Trusted local news leader for Prescott area communities since 1882
Wed, Nov. 13

Drought drives area's fire danger higher

Courier file/Jo. L. Keener

Tom Carney, developed recreation manager, U.S. Forest Service, Bradshaw District holds a sign that advises users of the Prescott National Forest that all areas are closed until further notice.

August set a new record for lack of precipitation, while February, May and June tied previous records of zero precipitation.

Monthly precipitation has been less than the 104-year average for more than a year now.

As of the end of November, Prescott had received 5.63 inches of precipitation, adding up to only 32 percent of the historical average of 17.65 inches for that same time period over the last 104 years.

The Weather Service is predicting slightly above-average precipitation for the winter months of December through February because of El Niño, which warms a large area of the tropical Pacific Ocean to influence weather patterns throughout the United States and even worldwide.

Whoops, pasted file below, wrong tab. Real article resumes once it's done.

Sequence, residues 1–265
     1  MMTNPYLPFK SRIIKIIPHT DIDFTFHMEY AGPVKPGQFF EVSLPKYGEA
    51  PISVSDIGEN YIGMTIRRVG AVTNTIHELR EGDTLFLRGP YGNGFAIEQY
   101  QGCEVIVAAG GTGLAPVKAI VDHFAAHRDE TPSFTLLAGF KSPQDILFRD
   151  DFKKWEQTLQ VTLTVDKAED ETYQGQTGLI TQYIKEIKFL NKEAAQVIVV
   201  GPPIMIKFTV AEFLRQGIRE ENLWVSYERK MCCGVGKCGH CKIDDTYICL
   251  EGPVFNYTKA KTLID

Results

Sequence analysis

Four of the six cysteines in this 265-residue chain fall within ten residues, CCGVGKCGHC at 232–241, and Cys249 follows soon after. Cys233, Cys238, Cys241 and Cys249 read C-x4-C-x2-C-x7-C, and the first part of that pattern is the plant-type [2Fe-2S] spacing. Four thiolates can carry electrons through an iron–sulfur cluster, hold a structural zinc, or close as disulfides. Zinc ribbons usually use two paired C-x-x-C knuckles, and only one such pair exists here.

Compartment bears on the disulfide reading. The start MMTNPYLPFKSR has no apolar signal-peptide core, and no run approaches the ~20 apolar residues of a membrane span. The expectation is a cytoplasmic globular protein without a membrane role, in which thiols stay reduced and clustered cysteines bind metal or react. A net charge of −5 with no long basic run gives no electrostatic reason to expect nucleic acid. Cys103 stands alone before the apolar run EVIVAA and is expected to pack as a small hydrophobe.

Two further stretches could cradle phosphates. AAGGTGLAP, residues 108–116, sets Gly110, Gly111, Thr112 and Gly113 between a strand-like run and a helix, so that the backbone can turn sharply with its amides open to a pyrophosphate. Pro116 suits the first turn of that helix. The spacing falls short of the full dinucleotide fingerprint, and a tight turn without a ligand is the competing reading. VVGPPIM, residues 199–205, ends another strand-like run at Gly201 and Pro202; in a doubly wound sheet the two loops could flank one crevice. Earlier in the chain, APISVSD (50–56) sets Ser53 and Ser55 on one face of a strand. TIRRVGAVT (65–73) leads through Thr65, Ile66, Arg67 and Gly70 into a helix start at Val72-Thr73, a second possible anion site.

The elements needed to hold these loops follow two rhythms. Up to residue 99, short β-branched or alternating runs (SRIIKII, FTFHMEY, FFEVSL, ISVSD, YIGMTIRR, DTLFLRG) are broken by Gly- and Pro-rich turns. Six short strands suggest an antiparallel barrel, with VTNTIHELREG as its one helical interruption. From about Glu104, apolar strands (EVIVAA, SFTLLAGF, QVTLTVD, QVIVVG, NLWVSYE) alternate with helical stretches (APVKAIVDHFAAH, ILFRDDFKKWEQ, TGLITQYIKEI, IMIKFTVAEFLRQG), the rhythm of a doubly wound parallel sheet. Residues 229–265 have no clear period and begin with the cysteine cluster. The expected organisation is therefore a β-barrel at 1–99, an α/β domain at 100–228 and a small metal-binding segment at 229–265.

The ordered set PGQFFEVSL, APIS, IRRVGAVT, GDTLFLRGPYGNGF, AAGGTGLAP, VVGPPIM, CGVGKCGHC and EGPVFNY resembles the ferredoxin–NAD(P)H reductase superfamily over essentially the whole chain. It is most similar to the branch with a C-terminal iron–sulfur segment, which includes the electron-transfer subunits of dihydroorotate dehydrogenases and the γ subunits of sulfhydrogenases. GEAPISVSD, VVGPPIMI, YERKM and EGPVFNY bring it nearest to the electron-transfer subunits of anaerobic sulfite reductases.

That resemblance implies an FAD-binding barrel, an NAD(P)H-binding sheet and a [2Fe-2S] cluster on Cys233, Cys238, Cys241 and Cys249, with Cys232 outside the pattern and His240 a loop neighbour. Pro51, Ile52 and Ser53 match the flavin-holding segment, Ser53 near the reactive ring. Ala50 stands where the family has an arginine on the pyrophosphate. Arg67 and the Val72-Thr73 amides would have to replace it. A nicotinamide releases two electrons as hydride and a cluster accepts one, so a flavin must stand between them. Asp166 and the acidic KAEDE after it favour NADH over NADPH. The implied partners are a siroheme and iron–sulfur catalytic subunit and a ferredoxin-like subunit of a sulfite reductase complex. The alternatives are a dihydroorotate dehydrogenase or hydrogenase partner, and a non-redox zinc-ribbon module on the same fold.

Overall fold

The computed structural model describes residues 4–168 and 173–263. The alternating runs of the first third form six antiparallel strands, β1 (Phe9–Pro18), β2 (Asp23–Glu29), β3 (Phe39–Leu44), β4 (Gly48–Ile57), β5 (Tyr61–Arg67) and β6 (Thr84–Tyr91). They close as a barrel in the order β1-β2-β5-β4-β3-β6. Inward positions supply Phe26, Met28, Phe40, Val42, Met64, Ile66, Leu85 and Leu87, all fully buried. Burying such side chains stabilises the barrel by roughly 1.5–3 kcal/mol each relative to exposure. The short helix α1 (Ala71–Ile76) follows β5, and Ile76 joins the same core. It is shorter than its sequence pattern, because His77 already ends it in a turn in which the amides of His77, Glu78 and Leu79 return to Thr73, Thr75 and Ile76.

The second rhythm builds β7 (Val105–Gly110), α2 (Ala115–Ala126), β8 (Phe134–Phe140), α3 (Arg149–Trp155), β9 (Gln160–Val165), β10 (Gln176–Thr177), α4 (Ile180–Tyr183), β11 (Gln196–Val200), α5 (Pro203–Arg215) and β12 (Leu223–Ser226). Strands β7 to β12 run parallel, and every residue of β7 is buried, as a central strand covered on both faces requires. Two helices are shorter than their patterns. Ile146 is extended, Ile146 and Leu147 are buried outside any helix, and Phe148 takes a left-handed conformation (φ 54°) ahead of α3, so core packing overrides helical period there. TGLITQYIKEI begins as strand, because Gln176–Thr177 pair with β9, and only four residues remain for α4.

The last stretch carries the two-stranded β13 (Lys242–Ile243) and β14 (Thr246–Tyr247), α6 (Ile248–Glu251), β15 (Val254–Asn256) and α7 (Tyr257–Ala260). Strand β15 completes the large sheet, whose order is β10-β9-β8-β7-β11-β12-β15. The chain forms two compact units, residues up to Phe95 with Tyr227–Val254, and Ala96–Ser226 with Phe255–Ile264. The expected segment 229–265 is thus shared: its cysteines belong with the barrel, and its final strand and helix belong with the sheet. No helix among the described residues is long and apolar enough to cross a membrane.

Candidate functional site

Things already are looking up with this month's snow. At the Prescott measuring site, 0.48 inches of precipitation fell during a series of snowfalls between Dec. 16 and Dec. 24.

However, the area needs years of above-average precipitation to catch up.

Some weather experts believe that this area is in for a continuous drought that won't end until sometime between 2015 and 2025.

The Pacific Decadal Oscillation is what some officials think will cause the drought to continue.

That weather cycle changes every 20 to 30 years, explained Mike Staudenmaier of the National Weather Service in Flagstaff.

In 1995, it changed to its dry phase after three decades of above-average moisture.

During the past seven years, this area's annual precipitation has been less than average except for one year in which El Niño affected it.

So even though it's naturally arid here, people should be prepared for drier weather than they've ever experienced unless they lived here during the 1950s.

To learn more about the regional drought, visit the federal government's drought monitor Web site at

Contact Joanna Dodder at or 445-8179, ext. 2035.

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